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Noreen Walsh New Head of U.S. Fish and Wildlife Service’s Southeast Ecological Services Program


April 5 , 2005

Jim Rothschild, 404/679-7291


Noreen Walsh, a 15-year veteran of the U.S. Fish and Wildlife Service, is the new Assistant Regional Director of Ecological Services in the agency’s Southeast Region. In this position, Walsh oversees a staff of professional biologists in the regional office, located in Atlanta, Georgia, and 16 field offices.

“Noreen has proven her leadership and management skills during her two-year tenure as Deputy Assistant Regional Director for Ecological Services and as Acting Assistant Regional Director for Ecological Services on many occasions,” said Sam D. Hamilton, the Service’s Southeast Regional Director.

Natural resource programs administered under Ecological Services include endangered and threatened species listing and recovery; wildlife habitat conservation; Partners for Fish and Wildlife; wetlands conservation and mapping; and habitat conservation planning and permitting.

Prior to serving as the Deputy ARD for Ecological Services, Walsh was the Chief of the Endangered Species Program in the Southeast, the second largest program in the nation. She also has served on several task forces of national importance including Endangered Species Strategic Planning and the Missouri River Section 7 Consultation Team that discussed the effects of water operations on threatened and endangered species.

Before coming to the Southeast, Walsh served in the Endangered Species Program in the Service’s Washington D.C. headquarters. She also worked in the Tulsa, Oklahoma, Ecological Services Field Office and spent the first five years of her Service career as a research biologist in Alaska.

“My goals for the Ecological Services program in the Southeast involve continuing our tradition of bringing sound science to bear in natural resource decisions,” said Walsh. “I want us to make a measurable difference for fish, wildlife, and their habitats by providing technical expertise, creative ideas, and a cooperative spirit in our interactions with private landowners, states, and others.”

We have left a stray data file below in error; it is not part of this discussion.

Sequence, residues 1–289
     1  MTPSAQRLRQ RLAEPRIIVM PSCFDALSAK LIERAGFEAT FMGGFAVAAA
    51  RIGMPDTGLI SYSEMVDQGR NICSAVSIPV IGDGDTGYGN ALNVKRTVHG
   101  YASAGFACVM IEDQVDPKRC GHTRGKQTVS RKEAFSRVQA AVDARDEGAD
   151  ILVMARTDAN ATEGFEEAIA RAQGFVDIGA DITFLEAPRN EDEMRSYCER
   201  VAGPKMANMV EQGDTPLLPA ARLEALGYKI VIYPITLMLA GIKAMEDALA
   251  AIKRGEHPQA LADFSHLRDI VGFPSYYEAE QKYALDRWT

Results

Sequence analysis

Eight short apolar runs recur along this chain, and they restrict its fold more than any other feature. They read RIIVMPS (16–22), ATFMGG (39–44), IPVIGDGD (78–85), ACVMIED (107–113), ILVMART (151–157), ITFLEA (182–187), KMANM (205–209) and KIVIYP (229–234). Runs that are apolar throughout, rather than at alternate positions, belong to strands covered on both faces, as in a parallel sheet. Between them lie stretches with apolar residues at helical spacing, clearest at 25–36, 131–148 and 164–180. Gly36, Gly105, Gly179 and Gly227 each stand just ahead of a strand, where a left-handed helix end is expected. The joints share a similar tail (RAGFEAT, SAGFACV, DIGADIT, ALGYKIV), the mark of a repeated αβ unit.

Walsh holds a Bachelor of Science degree in Fisheries and Wildlife Biology from Michigan State University and a Master of Science degree in Wildlife Biology from Colorado State University. She and her husband, Mark, have two daughters, Claire and Leah. They enjoy traveling, hiking, camping, and reading.

The U.S. Fish and Wildlife Service is the principal federal agency responsible for conserving, protecting and enhancing fish, wildlife and plants and their habitats for the continuing benefit of the American people. The Service manages the 95-million-acre National Wildlife Refuge System, which encompasses 545 national wildlife refuges, thousands of small wetlands and other special management areas. It also operates 69 national fish hatcheries, 63 Fish and Wildlife Management offices and 81 ecological services field stations. The agency enforces federal wildlife laws, administers the Endangered Species Act, manages the migratory bird populations, restores nationally significant fisheries, conserves and restores wildlife habitat such as wetlands, and helps foreign governments with their conservation efforts. The Federal Assistance program grants hundreds of millions of dollars in excise taxes on fishing and hunting equipment to its partnering State fish and wildlife agencies to conserve fish and wildlife resources.

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